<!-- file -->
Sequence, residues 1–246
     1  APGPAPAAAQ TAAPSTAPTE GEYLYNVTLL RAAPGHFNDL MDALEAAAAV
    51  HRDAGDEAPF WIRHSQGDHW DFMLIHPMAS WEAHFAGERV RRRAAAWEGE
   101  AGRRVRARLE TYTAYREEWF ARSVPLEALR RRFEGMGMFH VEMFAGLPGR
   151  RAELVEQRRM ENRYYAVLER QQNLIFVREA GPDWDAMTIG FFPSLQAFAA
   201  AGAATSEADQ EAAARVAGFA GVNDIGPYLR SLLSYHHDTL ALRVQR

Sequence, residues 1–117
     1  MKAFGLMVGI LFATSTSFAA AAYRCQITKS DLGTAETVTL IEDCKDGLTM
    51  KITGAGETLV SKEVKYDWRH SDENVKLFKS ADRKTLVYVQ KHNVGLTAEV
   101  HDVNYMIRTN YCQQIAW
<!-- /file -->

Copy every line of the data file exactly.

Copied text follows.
Sequence, residues 1–246
     1  APGPAPAAAQ TAAPSTAPTE GEYLYNVTLL RAAPGHFNDL MDALEAAAAV
    51  HRDAGDEAPF WIRHSQGDHW DFMLIHPMAS WEAHFAGERV RRRAAAWEGE
   101  AGRRVRARLE TYTAYREEWF ARSVPLEALR RRFEGMGMFH VEMFAGLPGR
   151  RAELVEQRRM ENRYYAVLER QQNLIFVREA GPDWDAMTIG FFPSLQAFAA
   201  AGAATSEADQ EAAARVAGFA GVNDIGPYLR SLLSYHHDTL ALRVQR

Sequence, residues 1–117
     1  MKAFGLMVGI LFATSTSFAA AAYRCQITKS DLGTAETVTL IEDCKDGLTM
    51  KITGAGETLV SKEVKYDWRH SDENVKLFKS ADRKTLVYVQ KHNVGLTAEV
   101  HDVNYMIRTN YCQQIAW